acts, and of thy wisdom. Howbeit, I believed not the words, until I came, and mine eyes had seen it: and, behold, the half was not told me: thy wisdom and prosperity exceedeth the fame which I heard. Happy are thy men, happy are these thy servants, which stand continually before thee, and that hear thy wisdom. Blessed be the Lord thy God, which delighted in thee, to set thee on the throne of Israel: because the Lord loved Israel for ever, therefore made He thee king to do judgment and justice.’ And she gave the king an hundred and twenty talents of gold, and of spices very great store, and precious stones: there came no more such abundance of spices as those which the queen of Sheba gave to King Solomon."

Although many others of the narratives that are contained in the Qur'an have been borrowed from Jewish fables, yet here it is not necessary to quote them all at length. In every case Muhammad seems to have been ignorant of the true history of the Prophets as related in the Canonical Books of the Old Testament. This was doubtless due to the fact that the Jews of Arabia were not learned men, and that they were better acquainted with the fables of the Talmud than with the Bible. Before we proceed to more important matters, however, we must deal with the story of Harut and Marut, the two angels that sinned in Babylon. This legend is of much interest, as we can trace it


in the first instance to the Jews, and can then show that it is of composite origin. We first quote it as it is narrated in the Qur'an and the Traditions, and shall then refer to the Jewish and other legends from which it was derived.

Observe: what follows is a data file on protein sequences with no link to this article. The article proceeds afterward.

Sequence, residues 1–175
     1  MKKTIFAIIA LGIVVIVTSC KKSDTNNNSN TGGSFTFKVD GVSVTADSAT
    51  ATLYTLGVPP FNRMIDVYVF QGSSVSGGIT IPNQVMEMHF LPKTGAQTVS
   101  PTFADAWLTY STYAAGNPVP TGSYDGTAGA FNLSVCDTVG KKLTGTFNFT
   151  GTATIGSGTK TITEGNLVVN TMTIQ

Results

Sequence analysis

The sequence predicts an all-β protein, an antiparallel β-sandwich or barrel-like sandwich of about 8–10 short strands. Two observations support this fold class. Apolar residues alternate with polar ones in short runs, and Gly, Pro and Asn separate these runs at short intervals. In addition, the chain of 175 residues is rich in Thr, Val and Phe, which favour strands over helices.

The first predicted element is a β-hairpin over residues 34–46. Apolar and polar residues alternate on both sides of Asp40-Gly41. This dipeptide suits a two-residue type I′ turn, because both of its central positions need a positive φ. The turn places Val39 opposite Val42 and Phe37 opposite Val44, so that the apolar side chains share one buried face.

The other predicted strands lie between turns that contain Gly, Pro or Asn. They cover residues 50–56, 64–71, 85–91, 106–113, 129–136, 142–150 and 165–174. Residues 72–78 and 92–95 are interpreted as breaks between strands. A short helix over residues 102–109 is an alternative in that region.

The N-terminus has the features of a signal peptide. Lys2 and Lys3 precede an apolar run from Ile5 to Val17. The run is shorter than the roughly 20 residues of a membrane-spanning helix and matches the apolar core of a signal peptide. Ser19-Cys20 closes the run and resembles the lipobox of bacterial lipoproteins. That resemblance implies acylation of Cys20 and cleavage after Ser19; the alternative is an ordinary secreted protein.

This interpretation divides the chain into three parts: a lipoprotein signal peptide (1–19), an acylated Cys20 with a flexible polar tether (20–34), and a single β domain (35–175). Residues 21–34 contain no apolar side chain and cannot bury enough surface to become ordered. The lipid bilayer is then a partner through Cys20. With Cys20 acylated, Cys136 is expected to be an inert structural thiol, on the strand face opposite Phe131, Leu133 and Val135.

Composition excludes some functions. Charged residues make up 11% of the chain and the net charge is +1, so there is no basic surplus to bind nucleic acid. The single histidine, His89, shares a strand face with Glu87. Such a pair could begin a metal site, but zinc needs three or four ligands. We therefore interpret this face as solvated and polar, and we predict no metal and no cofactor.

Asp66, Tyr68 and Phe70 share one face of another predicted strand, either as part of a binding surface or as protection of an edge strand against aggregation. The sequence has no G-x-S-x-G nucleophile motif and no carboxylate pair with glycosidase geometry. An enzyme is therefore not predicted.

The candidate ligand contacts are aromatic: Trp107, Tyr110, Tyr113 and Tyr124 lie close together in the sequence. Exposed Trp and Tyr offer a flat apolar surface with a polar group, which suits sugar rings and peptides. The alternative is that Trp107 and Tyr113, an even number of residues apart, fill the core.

4. Story of Harut and Marut.

In the Qur'an (Surah II., Al Baqarah, 96) it is thus written:—

"Solomon did not disbelieve, but the Devils disbelieved. And they teach men sorcery and what had been sent down unto the two angels in Babel, Harut and Marut. And they teach not anyone until they both say, ‘Verily we are Rebellion, therefore do not thou disbelieve.’"

In the 'Araisu'l Majalis we find the following story, told on the authority of Tradition, in explanation of this verse. "The Commentators say that, when the angels saw the vile deeds of the sons of men that ascended up to heaven in the time of the Prophet Idris, they rebuked them for that and repudiated them and said, ‘These are those whom Thou hast made Vicegerents upon earth and whom Thou hast chosen, yet they offend against Thee.’ Therefore God Most High said, ‘If I had sent you down to the Earth and had instilled into you what I have instilled into them, ye would have done as they have done.’ They said, ‘God forbid! O our Lord, it were unfitting for us to offend against Thee.’ God Most High